The dog, called Zipping Sarah, raced to a first-place finish at a track in Christchurch last November in what authorities say was a meth-fuelled performance. Urine tests after the race showed that Zipping Sarah had methamphetamine and amphetamine in her system, according to RNZ News.
Zipping Sarah’s team was immediately disqualified and denied the $4,000 in prize money for winning.
The dog’s trainer, Angela Helen Turnwald, has since pleaded guilty to failing to produce a substance-free dog for the race, New Zealand’s Stuff News reports. She was fined $3,500 and banned from the sport for four months as punishment.
Authorities did not say for sure how Zipping Sarah got the meth in her system, but they say Turnwald stopped off at a friend’s house with Zipping Sarah and another dog before attending the race. Officials ultimately ruled that there was no “deliberate wrongdoing” in the case.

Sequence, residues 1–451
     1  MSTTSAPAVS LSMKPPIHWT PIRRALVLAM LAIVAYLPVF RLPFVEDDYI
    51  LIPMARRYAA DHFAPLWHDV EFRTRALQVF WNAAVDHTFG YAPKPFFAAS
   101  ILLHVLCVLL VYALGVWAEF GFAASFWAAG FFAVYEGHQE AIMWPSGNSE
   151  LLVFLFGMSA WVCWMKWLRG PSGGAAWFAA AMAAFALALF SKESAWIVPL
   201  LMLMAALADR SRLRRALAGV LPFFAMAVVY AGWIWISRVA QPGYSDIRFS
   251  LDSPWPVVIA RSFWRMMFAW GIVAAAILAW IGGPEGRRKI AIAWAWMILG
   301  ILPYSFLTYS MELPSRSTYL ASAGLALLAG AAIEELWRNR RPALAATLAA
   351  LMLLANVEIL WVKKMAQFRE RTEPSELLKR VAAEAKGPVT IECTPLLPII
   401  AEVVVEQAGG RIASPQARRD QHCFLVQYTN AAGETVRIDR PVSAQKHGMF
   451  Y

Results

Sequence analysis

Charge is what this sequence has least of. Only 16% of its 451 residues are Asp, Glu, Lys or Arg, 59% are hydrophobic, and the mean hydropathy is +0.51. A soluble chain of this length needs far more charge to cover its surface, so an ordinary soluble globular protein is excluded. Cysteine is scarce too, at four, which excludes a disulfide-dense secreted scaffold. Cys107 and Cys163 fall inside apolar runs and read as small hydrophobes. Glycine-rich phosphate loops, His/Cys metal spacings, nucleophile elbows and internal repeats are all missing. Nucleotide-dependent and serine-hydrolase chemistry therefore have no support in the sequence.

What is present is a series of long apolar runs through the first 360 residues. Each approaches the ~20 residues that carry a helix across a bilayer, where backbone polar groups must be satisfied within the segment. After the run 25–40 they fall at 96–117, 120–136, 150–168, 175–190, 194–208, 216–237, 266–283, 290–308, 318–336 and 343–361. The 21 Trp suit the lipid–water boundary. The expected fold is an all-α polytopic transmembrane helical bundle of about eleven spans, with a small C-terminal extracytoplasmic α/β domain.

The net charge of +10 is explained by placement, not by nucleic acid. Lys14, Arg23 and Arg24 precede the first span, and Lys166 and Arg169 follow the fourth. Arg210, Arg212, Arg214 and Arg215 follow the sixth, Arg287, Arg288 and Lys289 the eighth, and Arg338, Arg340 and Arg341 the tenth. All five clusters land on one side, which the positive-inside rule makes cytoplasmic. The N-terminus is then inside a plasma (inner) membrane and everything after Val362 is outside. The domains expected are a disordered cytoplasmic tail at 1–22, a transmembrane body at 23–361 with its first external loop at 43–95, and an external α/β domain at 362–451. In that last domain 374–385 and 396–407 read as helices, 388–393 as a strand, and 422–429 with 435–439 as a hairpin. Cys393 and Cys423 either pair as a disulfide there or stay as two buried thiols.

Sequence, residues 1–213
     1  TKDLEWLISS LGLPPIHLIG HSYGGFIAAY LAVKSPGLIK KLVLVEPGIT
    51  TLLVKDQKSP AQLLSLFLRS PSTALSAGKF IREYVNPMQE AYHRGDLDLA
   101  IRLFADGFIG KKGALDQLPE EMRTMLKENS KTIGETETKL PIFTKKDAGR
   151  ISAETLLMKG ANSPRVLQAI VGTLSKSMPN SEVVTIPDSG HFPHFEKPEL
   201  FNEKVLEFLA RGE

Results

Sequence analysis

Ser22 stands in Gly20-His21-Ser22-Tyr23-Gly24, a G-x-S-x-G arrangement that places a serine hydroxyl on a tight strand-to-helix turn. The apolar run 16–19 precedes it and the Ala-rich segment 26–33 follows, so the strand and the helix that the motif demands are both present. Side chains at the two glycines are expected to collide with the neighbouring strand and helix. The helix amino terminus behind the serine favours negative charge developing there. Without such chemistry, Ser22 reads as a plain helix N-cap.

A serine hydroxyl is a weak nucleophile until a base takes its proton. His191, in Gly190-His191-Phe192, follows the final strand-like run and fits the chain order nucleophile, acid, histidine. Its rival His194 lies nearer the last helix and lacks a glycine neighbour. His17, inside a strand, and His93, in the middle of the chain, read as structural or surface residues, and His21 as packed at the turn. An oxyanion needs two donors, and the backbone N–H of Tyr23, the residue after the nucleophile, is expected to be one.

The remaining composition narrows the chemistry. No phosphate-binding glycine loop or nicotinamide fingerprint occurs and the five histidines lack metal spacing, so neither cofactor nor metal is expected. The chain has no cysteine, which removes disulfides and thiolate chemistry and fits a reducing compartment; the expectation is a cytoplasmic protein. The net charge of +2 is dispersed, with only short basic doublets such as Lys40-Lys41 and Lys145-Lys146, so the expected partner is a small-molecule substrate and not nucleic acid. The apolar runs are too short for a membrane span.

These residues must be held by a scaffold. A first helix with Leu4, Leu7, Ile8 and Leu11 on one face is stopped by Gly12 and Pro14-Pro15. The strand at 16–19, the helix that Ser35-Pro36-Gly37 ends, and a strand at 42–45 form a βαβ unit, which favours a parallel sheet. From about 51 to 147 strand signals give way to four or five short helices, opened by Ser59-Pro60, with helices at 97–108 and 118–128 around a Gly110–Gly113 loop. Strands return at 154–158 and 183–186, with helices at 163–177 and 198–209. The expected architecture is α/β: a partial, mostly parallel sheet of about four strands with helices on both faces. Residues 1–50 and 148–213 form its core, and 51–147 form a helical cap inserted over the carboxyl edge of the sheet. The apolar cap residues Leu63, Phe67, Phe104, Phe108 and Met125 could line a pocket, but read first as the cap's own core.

Nevertheless, the incident sparked anger among animal rights groups in New Zealand.
“Giving a dog methamphetamine to improve their race performance is depraved, it’s abhorrent,” Will Appelbe, of the rights group SAFE, told RNZ. “It’s a reality in greyhound racing in New Zealand at the moment.”
It was reportedly the third case of dog doping within the last six months.
New Zealand’s minister for racing recently announced plans for a sweeping review of the country’s greyhound-racing industry amid broader concerns about animal welfare within the community. A 2017 report revealed high rates of euthanasia, injuries and disappearances among racing dogs in the country, and the recent meth dog story has only fuelled more criticism of the industry.
Zipping Sarah was allowed to continue racing after the drug test and notched four top-three finishes, official records show.
Her last race was in March and her status is now listed as “retired.”